Women Missing from CES Due to Limited Breast Pumping Facilities

Elvie, a British brand developing smarter technology for women, will store breast milk and partner with Milk Stork to get working moms’ milk home to babies, as research reveals almost half of working moms avoid industry events like CES (Consumers Electronic Show).

Women’s health brand Elvie has announced comprehensive Milk Concierge service for all breastfeeding moms attending CES this year. The company’s onsite refrigerated storage and Milk Stork partnership comes in response to new research showing that 44% of women avoid big industry events because of poor lactation facilities, with only 24% of working moms calling conferences they’ve attended “breastfeeding friendly”.For mothers attending CES that’s all about to change.

It’s no secret that CES has a notoriously poor record on gender diversity (seven out of 10 attendants are male) – robot strippers anyone? The good news is that despite the show’s attendance stats, the agenda is changing for the better and “booth babes”are banned from the show floor. But while CES is enforcing a new on-stand dress code, this falls short of making the show more accommodating for women and breastfeeding moms who are still left struggling.

CES might be happy to keep the issue of lactating mothers on ice, but Elvie isn’t. Throughout the event, Elvie’s “Pumping Parlor”stand will offer a relaxing space to pump and their team of experts will refrigerate stored milk. Additionally, complimentary Milk Stork Pump & Totes will be available for moms to tote their milk home (while supplies last). A Milk Shuttle service will run throughout CES, collecting milk from moms and transporting it back to the Pumping Parlour for refrigeration.

But this is not just a CES issue. In fact, Nevada doesn’t have any state legislation to protect and support breastfeeding mothers in the workplace. Of working mothers in the UK surveyed, 18% have workplaces with lactation rooms and only 16% have access to a fridge to store milk. Worse still, one in four women have pumped in the car to avoid the office, 26% have sat in a toilet cubicle and 10% have even hidden behind a tree during work hours to breastfeed or pump.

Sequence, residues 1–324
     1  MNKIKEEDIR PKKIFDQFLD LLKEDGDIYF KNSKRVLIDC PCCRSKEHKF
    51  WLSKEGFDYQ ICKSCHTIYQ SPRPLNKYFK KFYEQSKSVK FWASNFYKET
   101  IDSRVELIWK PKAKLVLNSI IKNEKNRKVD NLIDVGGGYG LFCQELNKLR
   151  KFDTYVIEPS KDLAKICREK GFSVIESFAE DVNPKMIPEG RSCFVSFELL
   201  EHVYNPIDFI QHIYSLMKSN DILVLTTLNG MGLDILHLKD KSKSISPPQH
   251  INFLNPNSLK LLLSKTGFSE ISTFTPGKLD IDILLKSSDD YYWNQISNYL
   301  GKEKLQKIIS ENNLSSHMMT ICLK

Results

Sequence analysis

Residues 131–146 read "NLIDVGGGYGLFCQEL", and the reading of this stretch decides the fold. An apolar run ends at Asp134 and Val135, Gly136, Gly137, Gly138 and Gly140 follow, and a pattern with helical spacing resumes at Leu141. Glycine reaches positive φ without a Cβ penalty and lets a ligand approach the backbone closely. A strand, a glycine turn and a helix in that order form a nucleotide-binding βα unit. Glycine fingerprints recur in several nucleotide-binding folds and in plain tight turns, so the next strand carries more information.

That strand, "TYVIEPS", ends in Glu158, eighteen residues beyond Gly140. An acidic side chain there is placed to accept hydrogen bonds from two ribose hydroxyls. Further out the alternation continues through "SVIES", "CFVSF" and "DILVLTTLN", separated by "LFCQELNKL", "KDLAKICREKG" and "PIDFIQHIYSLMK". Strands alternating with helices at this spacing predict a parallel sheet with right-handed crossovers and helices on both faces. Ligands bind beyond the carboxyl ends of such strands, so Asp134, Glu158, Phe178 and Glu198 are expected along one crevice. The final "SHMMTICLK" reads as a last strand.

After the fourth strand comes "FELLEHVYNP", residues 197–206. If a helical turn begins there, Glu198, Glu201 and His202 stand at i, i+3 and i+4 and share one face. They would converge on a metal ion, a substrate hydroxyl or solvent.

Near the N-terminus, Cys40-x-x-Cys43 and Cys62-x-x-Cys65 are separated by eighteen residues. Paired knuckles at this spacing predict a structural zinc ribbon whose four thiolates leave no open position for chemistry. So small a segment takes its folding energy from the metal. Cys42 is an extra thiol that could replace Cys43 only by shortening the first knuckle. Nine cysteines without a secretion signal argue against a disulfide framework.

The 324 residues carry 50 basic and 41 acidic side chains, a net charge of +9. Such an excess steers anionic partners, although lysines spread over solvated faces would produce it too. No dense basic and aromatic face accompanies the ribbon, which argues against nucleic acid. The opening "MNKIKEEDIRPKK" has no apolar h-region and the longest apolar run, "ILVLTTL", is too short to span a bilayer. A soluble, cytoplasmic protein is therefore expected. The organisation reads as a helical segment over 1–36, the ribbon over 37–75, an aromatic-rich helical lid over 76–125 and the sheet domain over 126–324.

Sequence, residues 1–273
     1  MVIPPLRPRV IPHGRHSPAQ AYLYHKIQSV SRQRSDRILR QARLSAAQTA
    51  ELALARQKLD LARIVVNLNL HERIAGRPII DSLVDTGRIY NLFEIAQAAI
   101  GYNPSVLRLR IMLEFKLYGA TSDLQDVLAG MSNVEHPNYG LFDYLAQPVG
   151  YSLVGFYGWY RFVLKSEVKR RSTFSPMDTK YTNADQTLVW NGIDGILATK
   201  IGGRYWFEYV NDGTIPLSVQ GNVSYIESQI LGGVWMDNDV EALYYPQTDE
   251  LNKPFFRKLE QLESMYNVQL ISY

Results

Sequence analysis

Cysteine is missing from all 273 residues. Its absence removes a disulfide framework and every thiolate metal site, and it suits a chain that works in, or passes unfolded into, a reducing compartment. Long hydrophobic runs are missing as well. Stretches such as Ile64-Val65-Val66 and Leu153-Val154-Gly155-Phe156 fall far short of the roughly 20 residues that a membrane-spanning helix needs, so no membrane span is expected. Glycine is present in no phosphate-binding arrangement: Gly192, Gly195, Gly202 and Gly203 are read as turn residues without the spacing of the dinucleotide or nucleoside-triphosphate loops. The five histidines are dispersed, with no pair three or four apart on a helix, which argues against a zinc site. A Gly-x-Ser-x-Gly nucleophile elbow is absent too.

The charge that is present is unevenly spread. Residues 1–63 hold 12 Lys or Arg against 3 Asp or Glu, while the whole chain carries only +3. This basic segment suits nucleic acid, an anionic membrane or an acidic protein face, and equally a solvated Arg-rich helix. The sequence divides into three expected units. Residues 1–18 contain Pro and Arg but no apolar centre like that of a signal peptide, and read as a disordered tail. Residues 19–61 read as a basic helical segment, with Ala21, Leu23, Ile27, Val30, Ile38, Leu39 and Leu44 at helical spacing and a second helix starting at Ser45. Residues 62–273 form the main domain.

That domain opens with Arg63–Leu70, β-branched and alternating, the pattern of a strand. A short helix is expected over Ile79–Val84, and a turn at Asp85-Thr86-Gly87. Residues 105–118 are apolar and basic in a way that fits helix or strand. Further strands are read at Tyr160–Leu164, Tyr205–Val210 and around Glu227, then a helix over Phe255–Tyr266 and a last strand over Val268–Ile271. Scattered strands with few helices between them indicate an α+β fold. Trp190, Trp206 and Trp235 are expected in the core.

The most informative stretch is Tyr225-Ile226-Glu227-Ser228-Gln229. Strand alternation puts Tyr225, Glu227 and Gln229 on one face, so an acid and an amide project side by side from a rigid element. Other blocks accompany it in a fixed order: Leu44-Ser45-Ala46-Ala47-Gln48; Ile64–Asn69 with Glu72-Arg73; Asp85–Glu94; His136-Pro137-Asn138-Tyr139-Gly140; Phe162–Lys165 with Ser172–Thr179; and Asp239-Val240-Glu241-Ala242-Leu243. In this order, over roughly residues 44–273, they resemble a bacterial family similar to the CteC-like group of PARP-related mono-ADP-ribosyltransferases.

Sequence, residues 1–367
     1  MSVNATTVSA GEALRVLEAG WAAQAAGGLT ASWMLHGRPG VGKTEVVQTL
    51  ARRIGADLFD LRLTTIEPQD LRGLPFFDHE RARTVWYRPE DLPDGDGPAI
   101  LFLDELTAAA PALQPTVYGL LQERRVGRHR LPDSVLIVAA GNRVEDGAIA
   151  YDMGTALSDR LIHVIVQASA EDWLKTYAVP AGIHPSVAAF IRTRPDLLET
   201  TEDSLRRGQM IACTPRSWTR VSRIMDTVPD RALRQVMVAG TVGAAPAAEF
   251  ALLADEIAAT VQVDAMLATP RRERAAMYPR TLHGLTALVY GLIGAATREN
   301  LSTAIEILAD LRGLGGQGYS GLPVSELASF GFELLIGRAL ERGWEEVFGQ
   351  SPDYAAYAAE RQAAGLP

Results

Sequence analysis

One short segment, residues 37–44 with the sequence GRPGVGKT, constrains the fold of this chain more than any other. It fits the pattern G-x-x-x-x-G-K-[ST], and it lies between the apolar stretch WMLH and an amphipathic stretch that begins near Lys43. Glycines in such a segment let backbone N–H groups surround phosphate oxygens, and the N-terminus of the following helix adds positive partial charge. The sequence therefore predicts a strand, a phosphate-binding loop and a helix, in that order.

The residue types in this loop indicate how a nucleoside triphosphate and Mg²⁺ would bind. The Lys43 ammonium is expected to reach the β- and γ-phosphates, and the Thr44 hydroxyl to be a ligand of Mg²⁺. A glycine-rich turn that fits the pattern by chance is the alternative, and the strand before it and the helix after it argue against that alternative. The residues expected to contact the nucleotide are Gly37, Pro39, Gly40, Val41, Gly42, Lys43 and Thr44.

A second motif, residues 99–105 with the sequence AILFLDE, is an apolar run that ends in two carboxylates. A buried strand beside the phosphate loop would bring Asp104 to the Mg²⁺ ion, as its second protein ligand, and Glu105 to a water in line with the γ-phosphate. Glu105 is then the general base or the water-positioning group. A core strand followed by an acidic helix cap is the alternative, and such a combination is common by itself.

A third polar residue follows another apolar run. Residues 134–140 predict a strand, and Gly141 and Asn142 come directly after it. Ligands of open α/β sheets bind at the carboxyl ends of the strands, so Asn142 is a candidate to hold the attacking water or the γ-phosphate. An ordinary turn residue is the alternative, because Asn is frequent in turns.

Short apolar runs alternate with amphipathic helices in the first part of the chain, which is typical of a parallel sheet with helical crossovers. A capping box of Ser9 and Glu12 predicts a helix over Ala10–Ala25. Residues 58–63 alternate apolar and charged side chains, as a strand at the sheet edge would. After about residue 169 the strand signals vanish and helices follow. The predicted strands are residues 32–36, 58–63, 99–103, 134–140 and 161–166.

“Any new mom will know that finding a safe and secure space to pump can be a nightmare, especially when they go back to work,” Tania Boler, CEO and Founder of Elvie, explained. 
“Finding a place to pump at CES is one thing, but then what? Moms are leaving the event and rushing their milk back to their unreliable hotel fridge. In order for women to come back to work where and when they choose, conferences and employers need to do better.”

Kate Torgersen, Founder and CEO of Milk Stork said, “For a breastfeeding mom, the logistics of leaving her baby for several days can be challenging. Milk Stork helps ease the logistical pain points by providing moms with solutions that enable them to excel in their jobs while having peace of mind that their babies will continue to be nourished with their breast milk – even when they have to travel.”

The Milk Stork Pump & Totes are being flown into CES by Mamarick and her crew to highlight the plight of moms at the conference. Their mission is to support breastfeeding moms at the event with access to places to pump and store milk with an option to tote their milk home with Milk Stork. Heading up the mission is Elvie’s pilot, “Mamarick”, who will lead the team aboard Mammary One – the helicopter flying in to rescue breast milk being pumped at CES.

Visitors can follow along by checking out #PumpedAtCES.

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